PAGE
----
Biology of Reproduction vol:47 issue:6 pages:977-83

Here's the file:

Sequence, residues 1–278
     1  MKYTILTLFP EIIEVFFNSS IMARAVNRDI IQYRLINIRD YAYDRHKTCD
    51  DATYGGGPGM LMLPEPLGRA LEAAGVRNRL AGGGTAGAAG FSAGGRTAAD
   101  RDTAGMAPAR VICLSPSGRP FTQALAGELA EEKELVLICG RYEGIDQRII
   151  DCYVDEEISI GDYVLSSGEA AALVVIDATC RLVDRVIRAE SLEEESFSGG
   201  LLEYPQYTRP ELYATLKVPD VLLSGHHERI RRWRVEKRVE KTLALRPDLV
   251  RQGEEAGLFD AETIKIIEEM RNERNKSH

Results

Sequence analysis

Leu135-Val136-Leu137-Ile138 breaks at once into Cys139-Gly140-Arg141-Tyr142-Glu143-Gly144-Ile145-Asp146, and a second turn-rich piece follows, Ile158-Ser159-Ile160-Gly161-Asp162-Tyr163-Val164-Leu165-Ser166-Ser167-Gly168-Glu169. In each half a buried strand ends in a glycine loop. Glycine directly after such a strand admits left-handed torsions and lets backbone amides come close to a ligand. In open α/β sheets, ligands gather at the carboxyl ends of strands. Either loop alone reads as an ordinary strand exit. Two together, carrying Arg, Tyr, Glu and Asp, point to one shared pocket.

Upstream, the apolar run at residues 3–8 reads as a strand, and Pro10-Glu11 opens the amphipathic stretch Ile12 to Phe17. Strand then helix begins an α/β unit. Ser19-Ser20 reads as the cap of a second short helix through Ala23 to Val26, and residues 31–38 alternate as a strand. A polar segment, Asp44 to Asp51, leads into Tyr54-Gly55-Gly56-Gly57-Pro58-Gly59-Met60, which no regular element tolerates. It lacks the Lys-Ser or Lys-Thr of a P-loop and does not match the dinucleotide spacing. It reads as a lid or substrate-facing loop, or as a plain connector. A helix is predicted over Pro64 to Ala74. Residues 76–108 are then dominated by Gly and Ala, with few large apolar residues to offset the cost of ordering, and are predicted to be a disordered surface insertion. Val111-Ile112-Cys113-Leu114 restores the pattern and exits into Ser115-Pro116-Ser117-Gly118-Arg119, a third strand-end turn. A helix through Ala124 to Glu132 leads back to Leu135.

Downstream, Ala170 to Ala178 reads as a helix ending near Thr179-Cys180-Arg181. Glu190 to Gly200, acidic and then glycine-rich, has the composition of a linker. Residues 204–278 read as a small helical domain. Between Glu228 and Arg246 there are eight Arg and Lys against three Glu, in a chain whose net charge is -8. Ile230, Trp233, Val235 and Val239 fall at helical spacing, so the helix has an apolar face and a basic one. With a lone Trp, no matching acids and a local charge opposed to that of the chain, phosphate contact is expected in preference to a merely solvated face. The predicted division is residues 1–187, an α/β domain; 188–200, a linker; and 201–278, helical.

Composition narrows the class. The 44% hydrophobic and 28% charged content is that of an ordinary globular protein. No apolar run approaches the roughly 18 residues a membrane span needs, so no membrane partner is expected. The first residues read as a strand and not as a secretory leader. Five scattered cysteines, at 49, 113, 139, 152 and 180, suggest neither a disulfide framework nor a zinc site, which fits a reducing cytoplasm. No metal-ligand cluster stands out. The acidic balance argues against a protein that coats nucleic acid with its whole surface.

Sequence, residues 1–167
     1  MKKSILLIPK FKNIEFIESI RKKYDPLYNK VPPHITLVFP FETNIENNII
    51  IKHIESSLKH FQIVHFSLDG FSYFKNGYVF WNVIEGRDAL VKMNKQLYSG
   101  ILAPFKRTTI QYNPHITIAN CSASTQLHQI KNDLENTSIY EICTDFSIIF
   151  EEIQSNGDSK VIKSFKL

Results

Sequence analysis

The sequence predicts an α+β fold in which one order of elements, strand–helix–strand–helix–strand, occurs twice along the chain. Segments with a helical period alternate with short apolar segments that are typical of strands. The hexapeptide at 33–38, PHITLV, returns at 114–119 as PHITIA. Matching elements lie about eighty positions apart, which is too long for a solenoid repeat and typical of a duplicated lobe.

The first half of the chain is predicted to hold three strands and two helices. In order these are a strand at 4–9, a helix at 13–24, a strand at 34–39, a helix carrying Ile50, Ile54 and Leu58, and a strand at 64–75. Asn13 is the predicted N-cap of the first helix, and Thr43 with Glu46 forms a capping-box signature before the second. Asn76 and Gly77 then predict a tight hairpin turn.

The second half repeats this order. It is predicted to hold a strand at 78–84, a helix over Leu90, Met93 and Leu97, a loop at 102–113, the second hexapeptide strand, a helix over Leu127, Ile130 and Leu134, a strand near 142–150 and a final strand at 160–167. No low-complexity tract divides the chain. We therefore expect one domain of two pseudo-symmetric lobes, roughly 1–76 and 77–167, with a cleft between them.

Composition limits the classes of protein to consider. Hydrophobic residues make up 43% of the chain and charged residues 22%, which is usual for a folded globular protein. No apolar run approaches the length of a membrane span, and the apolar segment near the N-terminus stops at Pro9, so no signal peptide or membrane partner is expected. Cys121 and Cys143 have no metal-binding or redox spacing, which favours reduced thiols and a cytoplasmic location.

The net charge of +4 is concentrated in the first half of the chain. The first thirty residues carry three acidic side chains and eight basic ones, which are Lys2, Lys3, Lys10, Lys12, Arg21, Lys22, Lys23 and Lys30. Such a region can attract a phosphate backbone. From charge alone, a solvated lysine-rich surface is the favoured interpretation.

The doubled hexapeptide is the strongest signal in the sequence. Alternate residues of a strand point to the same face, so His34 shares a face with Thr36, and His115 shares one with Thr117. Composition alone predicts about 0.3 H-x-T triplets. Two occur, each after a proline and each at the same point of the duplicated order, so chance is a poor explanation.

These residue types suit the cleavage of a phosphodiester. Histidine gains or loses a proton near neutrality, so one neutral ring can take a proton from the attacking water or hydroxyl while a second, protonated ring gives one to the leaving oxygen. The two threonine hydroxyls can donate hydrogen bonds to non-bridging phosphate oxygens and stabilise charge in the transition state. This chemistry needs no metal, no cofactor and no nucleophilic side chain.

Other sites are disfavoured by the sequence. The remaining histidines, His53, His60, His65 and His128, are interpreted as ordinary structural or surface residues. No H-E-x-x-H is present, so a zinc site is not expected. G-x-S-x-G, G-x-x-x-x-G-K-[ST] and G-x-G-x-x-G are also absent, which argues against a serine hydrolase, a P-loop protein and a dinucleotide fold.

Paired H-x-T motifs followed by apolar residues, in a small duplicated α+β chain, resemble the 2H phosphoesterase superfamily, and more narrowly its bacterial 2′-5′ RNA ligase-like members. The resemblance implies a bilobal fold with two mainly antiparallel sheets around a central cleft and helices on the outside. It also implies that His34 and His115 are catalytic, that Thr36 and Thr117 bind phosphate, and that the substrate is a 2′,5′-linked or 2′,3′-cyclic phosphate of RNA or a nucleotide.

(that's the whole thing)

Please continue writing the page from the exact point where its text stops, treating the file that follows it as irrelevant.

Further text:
High concentrations of immunoreactive inhibin were detected in the plasma of the laying domestic hen using a heterologous RIA validated for use in the chicken. Cessation of egg production induced by restricting the intake of nutrients decreased circulating inhibin to approximately 20% of its original concentration within 8 days, indicating that the ovary is the major source of the measured material. Dissection of ovarian follicles revealed that inhibin is nearly exclusively produced in the granulosa cell layer. When expressed per milligram cell protein the concentration of inhibin decreased significantly in granulosa layers of follicles of succeeding order in the hierarchy (F4 to F1). The concentration of progesterone increased in the granulosa layers of the same follicles whereas oestradiol in the surrounding theca layers decreased. In vitro culture of granulosa cells derived from follicles at different stages of development confirmed the decrease in inhibin secretion as a function of follicular growth observed in vivo. The granulosa cell inhibin secretion is stimulated by LH as well as by FSH, the former being the most effective one. The physiological significance of these changes in inhibin concentration during follicular maturation requires further investigation. It may be concluded, however, that the chicken presents a useful model for the study of the endocrine as well as the paracrine function of ovarian inhibin.